The hybrid Boris Johnson
How is it that the likeable Boris Johnson has become such a hate-figure? The British Left of course reserves a special fury for Tories who went to Eton and Oxford; it caricatures him, on flimsy evidence, as a reactionary, a racist and homophobe. Then there are the Remainers who hate him for backing Brexit. You’re not supposed to be a Brexiteer if you’re a highly-educated French-speaking sophisticate. Trump’s approval of him is a further black mark.
The accusations go on – serial philanderer, liar, insulter of Scots, Liverpudlians and even of Australia’s dear closest neighbour: he once observed that ‘we in the Tory party have become used to Papua New Guinea-style orgies of cannibalism’. Then there’s lazy and disorganised, though those charges are harder to assert given Johnson’s prodigious writing output while holding down demanding political jobs.
Another charge is that he failed as Foreign Secretary. A persistent Whitehall conspiracy theory is that Theresa May gave Johnson this job as the fanatically pro-EU Foreign Office would happily look for ways to undermine his reputation. Sure enough, British diplomats have been in overdrive briefing that Johnson wasn’t ‘serious’ – translation: they didn’t like his anarchic humour, he was bored by their windy briefs and he wasn’t persuaded to their view that the EU is a good thing.
And just as leadership rival Jeremy Hunt claims he’s the safer pair of hands dealing with Europe – voilà! – a leaked Whitehall memo reveals that Johnson while foreign secretary referred to the French as ‘turds’. But strangely, Hunt’s team doesn’t invite scrutiny of his recent visit to EU member Slovenia, which he insulted, probably confusing it with Slovakia, as an ex-‘Soviet vassal state’ – like if an Australian minister mixed up South and North Korea. Foreign Office incompetence in allowing this shambles was compounded by tweeting the wrong name of the foreign minister Hunt was to meet.
There is another anti-Johnson charge – that he has no beliefs and will express views to please one audience, with contradictory ones in another. Johnson’s visit to Australia in 2013, ahead of the federal election, suggests the claim is dubious. At Coalition campaign headquarters, he wished us well but also criticised our stop-the- boats policy: people who risked journeys on rickety boats to reach Australia were plucky and enterprising and would make excellent migrants. This wasn’t what his audience wanted to hear. But it was consistent with his long-held soft views on immigration. He has called for an amnesty for up to 700,000 illegal immigrants and hasn’t repeated the Cameron and May commitment to getting annual net migration down from the hundreds to the tens of thousands.
UK Speccie editor Fraser Nelson recently noted that the contenders in the Tory race are ‘the biggest collection of bleeding-hearted, latte-sipping, social-justice-warrior wets ever to fight over the Tory crown.’ Indeed, in addition to his soft-left immigration position, Johnson has been silent on Britain’s skyhigh spending on aid while the armed forces face severe under-spending. On climate change, he’s moved from scepticism to accepting warmist orthodoxies, even if he says activists should pressure China rather than the UK.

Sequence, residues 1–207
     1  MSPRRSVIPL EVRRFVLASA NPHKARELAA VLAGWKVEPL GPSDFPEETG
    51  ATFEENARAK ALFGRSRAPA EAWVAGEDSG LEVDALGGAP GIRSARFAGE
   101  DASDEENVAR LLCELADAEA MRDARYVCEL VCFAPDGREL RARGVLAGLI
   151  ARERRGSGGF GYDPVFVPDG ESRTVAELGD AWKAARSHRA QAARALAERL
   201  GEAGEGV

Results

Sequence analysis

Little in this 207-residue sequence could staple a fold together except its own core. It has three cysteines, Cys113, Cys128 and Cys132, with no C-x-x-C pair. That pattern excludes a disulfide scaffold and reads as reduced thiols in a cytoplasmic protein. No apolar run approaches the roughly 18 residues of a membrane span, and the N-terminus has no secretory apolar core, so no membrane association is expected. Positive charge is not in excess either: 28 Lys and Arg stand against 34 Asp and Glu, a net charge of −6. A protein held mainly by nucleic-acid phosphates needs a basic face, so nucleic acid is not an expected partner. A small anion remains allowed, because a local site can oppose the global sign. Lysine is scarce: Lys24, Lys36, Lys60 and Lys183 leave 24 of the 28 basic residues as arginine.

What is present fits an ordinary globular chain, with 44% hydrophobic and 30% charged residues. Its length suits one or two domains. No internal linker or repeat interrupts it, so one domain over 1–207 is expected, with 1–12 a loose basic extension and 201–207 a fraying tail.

Still, Johnson’s support for leftish positions on some issues doesn’t change the fact that he’s the best choice for the Conservatives. He has a plausible plan to achieve Brexit and unlike May or Hunt has a genuine desire to escape Brussels’ control; he believes EU membership means Britain is no longer an independent country.
Johnson’s team probably used dark arts to ensure that the leadership race is between him and Remain supporter Jeremy Hunt, the establishment’s dull choice to succeed May. Hunt initially rejected but is now saying he’ll match Johnson’s unqualified commitment to leave the EU on 31 October. The Tory rank and file will almost certanly choose Johnson. He would easily have the better chance of winning back Tory supporters who have drifted to the Brexit Party and so ending the split conservative vote which risks putting Jeremy Corbyn into Number 10.
If Johnson can deliver a Brexit which restores Britain’s sovereignty while safeguarding the 44 per cent of UK exports which go to the EU and keeping the Irish soft border, he would go down as one of the great Conservative prime ministers. But he stretches credulity with his claim that there is only ‘a one in a million’ chance that he won’t achieve such a deal with the EU by 31 October. His Plan B, that, based on GATT article 24, the UK and the EU could agree before Brexit to maintain unrestricted trade while they negotiate a free trade agreement, is similarly rubbished by rivals. The plan is in fact doable if the EU agrees to it. Johnson hints he might use the EU’s £39 billion departure bill as leverage.
Johnson is an odd political hybrid but more a traditional Conservative than Theresa May, not only on Brexit but in his commitments to reduce taxes, to restore police numbers and in his often magnificently non-PC plain speaking, for example on the burqa – even if on the substance of some issues he disappoints conservatives. Overall, a prime minister Johnson could confound his many critics; he would certainly cheer Britain up. It may even become apparent that, as Harry Mount, editor of his Daily Telegraph columns has remarked, Johnson’s buffoonery and faux-cluelessness mask a smooth and effective machine.
Mark Higgie is The Spectator Australia’s Europe correspondent